As she slid onto the stool next to him, her eyes widened with fake innocence, her hand drifting into his lap. “Rough night?”
“You could say that.” The alcohol had muddled his brain, sending his judgment right out the fucking window, and he suddenly couldn’t remember why he’d fought so hard to stay away.
Her tongue darted out, trailing across her bottom lip and drawing his attention to her full, pouty mouth. At the same time, she slowly walked her fingertips up his thigh, closer to where he shouldn’t want her. He reached down, stilling her hand in his lap and making sure she felt exactly how she was affecting him. He would soon be compromising everything he believed in to defend his father. Why not toss his morals too?
Rolling out of bed the next morning, he pried himself away from the body wrapped around him and planted his feet on the floor. His head was spinning, his stomach churning. He wasn’t a stranger to one-night stands, but he usually had a bit more memory of what had happened the night before. He’d have to lay off the Johnnie Walker if he was going to make it through his father’s trial.
He ran a hand through his hair and sat back in the bed. He’d give himself a minute to wake up, and then hightail it out of there. A mass of blonde hair was spread out on the pillow next to him, but he was focused on the whale tale of her thong peeking out from beneath the sheets.
He reached for his phone on the nightstand to check the time when she rolled up onto his chest.
“Mmm, good morning, professor.”
His heart ceased in his chest. “Sydney…”
Luke stared at her, and she gazed back expectantly. His mind churned.
How the fuck do I get myself into these situations?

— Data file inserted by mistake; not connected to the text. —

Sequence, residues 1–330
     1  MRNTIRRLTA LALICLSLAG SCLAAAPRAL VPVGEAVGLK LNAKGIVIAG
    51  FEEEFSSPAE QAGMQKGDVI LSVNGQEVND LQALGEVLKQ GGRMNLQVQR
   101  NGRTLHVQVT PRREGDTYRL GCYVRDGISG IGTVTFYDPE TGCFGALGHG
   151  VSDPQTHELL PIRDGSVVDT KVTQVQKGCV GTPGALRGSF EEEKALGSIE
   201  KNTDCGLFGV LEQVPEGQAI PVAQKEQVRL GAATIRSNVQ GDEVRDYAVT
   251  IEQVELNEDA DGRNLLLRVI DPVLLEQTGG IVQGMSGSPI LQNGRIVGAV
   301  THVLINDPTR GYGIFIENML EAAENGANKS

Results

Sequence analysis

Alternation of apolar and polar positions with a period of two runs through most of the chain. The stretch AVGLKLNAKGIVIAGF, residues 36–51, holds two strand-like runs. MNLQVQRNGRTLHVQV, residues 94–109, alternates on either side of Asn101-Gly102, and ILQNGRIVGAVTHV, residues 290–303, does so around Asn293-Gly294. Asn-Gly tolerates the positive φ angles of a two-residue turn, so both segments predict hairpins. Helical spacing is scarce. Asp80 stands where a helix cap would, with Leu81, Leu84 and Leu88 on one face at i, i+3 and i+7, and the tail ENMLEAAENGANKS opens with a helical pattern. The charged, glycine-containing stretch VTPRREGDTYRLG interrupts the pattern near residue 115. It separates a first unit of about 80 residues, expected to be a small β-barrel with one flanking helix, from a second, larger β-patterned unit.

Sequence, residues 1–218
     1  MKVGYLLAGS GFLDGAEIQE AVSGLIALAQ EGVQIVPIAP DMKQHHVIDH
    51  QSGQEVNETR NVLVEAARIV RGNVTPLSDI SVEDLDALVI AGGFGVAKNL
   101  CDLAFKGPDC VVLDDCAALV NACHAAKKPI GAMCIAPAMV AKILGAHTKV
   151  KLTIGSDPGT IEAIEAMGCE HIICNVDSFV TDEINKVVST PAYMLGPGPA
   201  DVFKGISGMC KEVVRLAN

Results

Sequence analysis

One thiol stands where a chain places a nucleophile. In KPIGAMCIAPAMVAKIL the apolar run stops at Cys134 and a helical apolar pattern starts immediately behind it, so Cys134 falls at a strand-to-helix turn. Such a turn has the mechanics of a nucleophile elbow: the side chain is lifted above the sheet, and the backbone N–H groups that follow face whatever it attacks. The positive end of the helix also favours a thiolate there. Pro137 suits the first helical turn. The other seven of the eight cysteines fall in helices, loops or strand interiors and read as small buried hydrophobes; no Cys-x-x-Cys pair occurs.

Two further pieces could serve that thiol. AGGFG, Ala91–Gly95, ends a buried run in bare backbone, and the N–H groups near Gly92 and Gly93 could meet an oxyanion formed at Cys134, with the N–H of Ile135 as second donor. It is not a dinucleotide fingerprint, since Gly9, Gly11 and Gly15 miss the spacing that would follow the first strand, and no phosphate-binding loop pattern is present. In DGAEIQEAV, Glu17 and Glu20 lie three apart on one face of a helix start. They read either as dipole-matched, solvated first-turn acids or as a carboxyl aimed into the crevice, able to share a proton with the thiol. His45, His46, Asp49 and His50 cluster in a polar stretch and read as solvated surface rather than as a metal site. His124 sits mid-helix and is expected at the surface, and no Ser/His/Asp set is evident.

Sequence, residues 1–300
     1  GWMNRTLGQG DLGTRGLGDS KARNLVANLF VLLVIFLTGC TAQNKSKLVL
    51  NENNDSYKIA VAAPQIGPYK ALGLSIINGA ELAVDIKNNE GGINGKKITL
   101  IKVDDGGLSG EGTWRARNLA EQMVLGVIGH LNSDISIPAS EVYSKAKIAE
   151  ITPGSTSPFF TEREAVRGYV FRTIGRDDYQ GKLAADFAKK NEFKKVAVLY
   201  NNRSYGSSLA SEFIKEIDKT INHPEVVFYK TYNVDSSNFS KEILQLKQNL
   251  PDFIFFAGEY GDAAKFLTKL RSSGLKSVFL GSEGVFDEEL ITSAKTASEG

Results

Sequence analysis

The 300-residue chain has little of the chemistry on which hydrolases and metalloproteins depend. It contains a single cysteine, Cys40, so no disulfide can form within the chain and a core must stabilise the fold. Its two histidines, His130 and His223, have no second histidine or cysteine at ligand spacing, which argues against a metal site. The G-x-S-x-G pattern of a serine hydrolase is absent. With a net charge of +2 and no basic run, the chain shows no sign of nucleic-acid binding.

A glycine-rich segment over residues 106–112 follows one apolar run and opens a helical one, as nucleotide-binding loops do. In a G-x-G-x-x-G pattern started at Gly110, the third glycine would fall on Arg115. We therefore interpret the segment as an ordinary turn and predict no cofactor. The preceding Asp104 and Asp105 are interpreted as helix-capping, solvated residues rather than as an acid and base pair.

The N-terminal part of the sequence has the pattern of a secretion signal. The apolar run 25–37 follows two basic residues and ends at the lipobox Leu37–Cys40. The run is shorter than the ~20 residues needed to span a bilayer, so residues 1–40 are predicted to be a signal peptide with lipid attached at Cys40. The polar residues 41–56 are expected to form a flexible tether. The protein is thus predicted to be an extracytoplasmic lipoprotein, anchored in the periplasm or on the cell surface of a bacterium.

Embry had just left him and driven off in the arms of another man, partly because of the girl standing in front of him, and now here she was on his doorstep.
His breath came in short bursts, his windpipe constricting in panic. “What—” He clenched his jaw, then paused, taking a calming breath and running a hand haphazardly through his hair. “What are you doing here, Sydney?” His voice was harsh and cold, but he couldn’t help himself. She was the
person he wanted to see, let alone hear from ever again.
“You’re not happy to see me?” she asked, her usually sweet southern twang grating on his already frayed nerves.
“I—” He rubbed at the back of his neck, considering how to answer and decided on the truth. “No, Sydney, I’m not. What do you want?”
She reared back as if he’d slapped her, clearly not expecting his reaction. Luke’s southern manners were nowhere in sight. In the past, he’d always been kind to her, even as she’d sold him down the river. Not anymore. He had enough shit in his life. He didn’t need her bullshit.
“I just, um, well, I had nowhere else to go.” Her eyes widened into pools of blue innocence, and her lips formed a perfectly practiced pout, but he knew her too well. She was so good at playing her part; it was impossible to distinguish when she was actually being serious.
Good thing he didn’t care either way. He didn’t care about her—period. “And somehow you decided that I was the right person to turn to? Sorry if I find that hard to believe.”